Author(s): St Sauver JL, Katusic SK, Barbaresi WJ, Colligan RC, Jacobsen SJ
Abstract Share this page
Abstract The authors conducted a case-control study to determine whether risk factors for reading disability (RD) differentially affect boys and girls. The study population included all children born between 1976 and 1982 in Olmsted County, Minnesota (n = 5,701). A total of 303 RD cases were identified by using intelligence quotient and achievement test scores collected from school and medical records. After excluding those who met exclusion criteria (n = 869), controls consisted of all children not identified with RD (n = 4,529). The authors examined the association between RD and potential risk factors in boys and girls and confirmed their results in multivariable logistic regression models. Multivariable models indicated that girls of low birth weight were more than twice as likely to be identified as RD (odds ratio (OR) = 2.94, 95\% confidence interval (CI): 1.09, 6.25). Girls whose mothers had 12 or fewer years of education were twice as likely to be identified as RD (OR = 2.14, 95\% CI: 1.24, 3.72). However, girls whose fathers were aged 35 years or older at the time of birth were less likely to be identified as RD (OR = 0.24, 95\% CI: 0.06, 0.92). Only 12 or fewer years of paternal education was associated with increased RD in boys (OR = 2.28, 95\% CI: 1.59, 3.27). Boys and girls appear to be differentially susceptible to RD risk factors, suggesting that the biologic processes leading to RD may differ between boys and girls.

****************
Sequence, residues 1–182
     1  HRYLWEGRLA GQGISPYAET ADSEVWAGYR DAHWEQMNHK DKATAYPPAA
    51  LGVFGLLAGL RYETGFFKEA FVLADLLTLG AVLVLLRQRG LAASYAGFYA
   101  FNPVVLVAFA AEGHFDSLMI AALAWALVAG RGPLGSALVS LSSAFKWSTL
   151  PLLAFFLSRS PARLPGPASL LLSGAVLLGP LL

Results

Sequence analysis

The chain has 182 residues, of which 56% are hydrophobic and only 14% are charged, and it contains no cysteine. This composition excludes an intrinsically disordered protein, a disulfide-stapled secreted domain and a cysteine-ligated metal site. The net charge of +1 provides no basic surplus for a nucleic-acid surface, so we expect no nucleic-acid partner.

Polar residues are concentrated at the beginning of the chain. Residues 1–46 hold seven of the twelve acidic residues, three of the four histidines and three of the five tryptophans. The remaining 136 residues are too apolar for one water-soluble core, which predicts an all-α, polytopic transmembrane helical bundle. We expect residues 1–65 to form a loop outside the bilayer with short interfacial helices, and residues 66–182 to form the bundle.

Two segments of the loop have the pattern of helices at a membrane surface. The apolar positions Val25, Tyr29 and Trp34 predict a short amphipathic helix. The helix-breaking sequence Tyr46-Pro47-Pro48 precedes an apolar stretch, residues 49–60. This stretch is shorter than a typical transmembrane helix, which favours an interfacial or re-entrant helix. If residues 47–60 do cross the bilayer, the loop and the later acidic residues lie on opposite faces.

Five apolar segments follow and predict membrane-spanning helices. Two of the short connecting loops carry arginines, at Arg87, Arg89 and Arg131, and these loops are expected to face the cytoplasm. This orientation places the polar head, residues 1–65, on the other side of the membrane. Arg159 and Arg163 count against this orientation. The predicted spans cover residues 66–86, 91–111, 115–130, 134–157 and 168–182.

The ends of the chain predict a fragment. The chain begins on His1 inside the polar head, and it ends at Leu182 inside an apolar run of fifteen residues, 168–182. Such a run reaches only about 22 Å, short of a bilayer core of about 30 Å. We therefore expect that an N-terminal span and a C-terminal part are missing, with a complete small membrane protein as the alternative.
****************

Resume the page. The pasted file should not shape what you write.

This article was published in Am J Epidemiol
and referenced in Journal of Antivirals & Antiretrovirals